CAR: La papessa è per l’astuzia di quegli che defraudano il nostro essere con le falsità che ci falsificano.

(CAR: The Popess means the shrewdness of those who defraud our being with falsehoods that falsify us.}
of which Vitali observes (http://www.associazioneletarot.it/page. ... 63&lng=ENG and =ITA:
Interessante la valutazione della Papessa da cui risulta un rapporto inequivocabile con la Papessa Giovanna. Scrive infatti l’Aretino che essa “è (posta, n.d.r) per l’astuzia di quegli che defraudano il nostro essere con le falsità che ci falsificano”. Anche se oggi attribuiamo alla carta della Papessa il significato di fede cristiana, in riferimento alla Scala Mistica che connota l’insieme dei 22 Trionfi, risulta evidente come il mito della Papessa Giovanna fosse ben presente nell’immaginario collettivo degli uomini del Rinascimento.

(Of interest also is the evaluation of the Popess, from which results an unequivocal relation with Popess Joan. Aretino actually writes that she "is there for the shrewdness of those who defraud our being with falsehoods that falsify us". Even if nowadays we give to the Popess card the meaning of Christian faith, referring to the Mystical Staircase that the whole 22 Trumps signify, it is evident how much the myth of Popess Joan was present in the collective imagination of the Renaissance.
For the "captive of love" interpretation, there is, besides the legend, the Venetian engraving of Petrarch's Trionfi from the late 15th century.

I notice that all these "ribald" associations are from Ferrara or Venice. Moreover, while an association to Carnival or Lent in particular cannot be sustained, the d'Este Fool and Bagat are more amenable to a "ribald" interpretation. The Fool has his genitals exposed, with young boys looking at it, and the Bagat is trying to keep his objects away from some children.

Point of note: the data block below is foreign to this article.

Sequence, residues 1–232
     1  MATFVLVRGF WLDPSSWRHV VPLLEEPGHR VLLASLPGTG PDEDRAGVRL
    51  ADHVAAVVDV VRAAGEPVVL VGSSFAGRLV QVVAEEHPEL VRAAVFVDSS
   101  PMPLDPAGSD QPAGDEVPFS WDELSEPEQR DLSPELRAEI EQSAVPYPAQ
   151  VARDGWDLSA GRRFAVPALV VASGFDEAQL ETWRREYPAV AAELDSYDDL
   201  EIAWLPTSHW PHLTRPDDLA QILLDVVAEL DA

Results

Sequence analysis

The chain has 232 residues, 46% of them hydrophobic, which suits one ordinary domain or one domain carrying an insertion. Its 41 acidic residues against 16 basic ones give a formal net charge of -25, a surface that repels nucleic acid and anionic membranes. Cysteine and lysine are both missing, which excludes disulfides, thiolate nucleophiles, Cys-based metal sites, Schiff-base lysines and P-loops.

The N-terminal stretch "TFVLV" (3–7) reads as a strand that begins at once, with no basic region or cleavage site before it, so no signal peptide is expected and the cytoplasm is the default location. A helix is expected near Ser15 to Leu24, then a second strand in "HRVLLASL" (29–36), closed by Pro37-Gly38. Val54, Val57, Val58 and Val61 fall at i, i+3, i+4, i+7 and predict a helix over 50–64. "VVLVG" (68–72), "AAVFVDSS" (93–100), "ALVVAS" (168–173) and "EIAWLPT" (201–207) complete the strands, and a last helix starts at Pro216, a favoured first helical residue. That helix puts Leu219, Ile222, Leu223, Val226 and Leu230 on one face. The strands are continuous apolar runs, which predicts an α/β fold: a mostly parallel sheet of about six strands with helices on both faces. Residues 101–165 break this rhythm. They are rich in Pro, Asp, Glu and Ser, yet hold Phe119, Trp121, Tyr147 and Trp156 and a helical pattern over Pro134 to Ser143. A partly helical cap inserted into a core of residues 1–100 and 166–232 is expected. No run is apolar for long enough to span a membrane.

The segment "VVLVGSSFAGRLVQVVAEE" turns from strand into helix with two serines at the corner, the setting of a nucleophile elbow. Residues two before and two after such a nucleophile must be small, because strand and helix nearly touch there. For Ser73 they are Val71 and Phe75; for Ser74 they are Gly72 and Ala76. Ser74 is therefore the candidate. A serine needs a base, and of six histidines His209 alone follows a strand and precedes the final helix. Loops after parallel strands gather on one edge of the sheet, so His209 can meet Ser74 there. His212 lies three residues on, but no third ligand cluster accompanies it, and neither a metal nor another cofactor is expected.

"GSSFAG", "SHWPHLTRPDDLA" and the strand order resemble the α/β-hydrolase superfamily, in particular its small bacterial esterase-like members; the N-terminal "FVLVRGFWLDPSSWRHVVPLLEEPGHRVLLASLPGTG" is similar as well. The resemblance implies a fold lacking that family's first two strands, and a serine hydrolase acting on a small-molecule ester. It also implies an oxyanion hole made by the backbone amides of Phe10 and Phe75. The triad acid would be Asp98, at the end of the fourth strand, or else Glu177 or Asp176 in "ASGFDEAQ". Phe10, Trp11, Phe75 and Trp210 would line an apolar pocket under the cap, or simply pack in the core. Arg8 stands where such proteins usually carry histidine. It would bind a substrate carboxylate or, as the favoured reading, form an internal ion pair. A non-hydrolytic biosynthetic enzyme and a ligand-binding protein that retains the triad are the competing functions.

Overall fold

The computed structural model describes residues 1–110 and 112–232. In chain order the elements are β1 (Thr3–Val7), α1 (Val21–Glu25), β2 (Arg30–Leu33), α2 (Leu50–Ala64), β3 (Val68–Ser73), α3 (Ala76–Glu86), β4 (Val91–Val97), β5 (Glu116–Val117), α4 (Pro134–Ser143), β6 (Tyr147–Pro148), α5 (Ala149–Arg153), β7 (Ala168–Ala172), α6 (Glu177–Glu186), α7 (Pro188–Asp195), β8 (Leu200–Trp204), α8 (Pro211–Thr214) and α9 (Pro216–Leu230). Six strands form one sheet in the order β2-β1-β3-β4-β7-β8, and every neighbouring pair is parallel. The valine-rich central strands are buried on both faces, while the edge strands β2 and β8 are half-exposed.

The same could be said for Rotta and the Hanged Man, portrayed there and in Florence with money bags, suggesting Judas. I remember being in Mexico during Holy Week, and the children on Thursday night all having Judas dolls that made loud noises when done something to them, I can't remember what--lit, wound up, or something. They were thoroughly entertained.

If deformity is an object of mirth, then the Metropolitan/Budapest sheets add further confirmation. The Hunchback would be ribald. There is also the Rotta with three donkeys. In Staves, the Page of Cups is downing a drink, and in Staves, he has his 2nd finger bent down, as though in a lewd gesture. It fits Aretino in Carte Parlante, who says (cited in http://www.associazioneletarot.it/page.aspx?id=180):
CAD: Swords?
CAR: Death of those who despair of gaming.
PAD: Staves?
CAR: The punishment that deceivers deserve.
PAD: Coins?
CAR: The substance of gaming.
PAD: And Cups?
CAR: The drinks that reconcile quarrels between gamers.
And the manuscript Sermo perutilis de ludo of the beginning of the XVI century. Vitali quotes it in the same essay (and also in the previous one; it doesn't mention tarocchi):
De secundo ludorum genere scilicet cartularum dico quod si lusor cogitaret quod in cartulis significatum est, forte ab eis cavaret. Nam in cartulis quadruplex differentia est.
Of the second kind of games, I say that if the player thought about the meaning of the cards, he would realize that it would be better not to play. In fact in the cards there is a fourfold differentiation.

Ibi nam sunt denarii per manus lusorum discurrentes. Et hoc significat instabilitatem pecunie in lusore, quia debes cogitare, quando intras in ludum, quod denarii tui ibunt in malam horam eo quod perdes.
Here in fact are coins flowing from players’ hands. And this means the instability of the money in the game, because you must consider, when you enter in the game, to whom in adversity the money of those who lose will go.

Sunt et Cuppe ad ostendendam paupertatem ad quam ita deveniet lusor, quod carens cypho ad bibendum utetur cuppa.
The Cups are also there, to show what poverty will come, because the poor player lacking food will use a cup for drinking.

Sunt et bastoni. Lignum est arridum ad insinuandam siccitatem divine gratie in lusore. Sunt postremo et enses ad declarandum brevitatem vite lusoris quia plerumque occidunt.
The Staves are also there. The wood is dry to suggest the drought of divine grace in the player. There are also the Swords that mean the brevity of the life of the player, since he will be killed by it etc...

These are all later than the PMB, of course. So either what was serious then became ribald later, for those who wanted it to be, in other places (Ferrara, Venice, perhaps Florence), or else a serious sequence of 14 or 16 cards had ribald characters added to it. If we include the Devil (beloved by children today at Holloween) and Arrow, there would be 8 possibles (Fool, Bagat, Popess, Pope, Rotta, Impichato, Diavolo, Sagitta), assuming the CY reflects the earlier sequence and the PMB/Charles VI/d'Este/Metropolitan/Budapest the later one (but with an attempt in Milan to make the additions more serious-looking).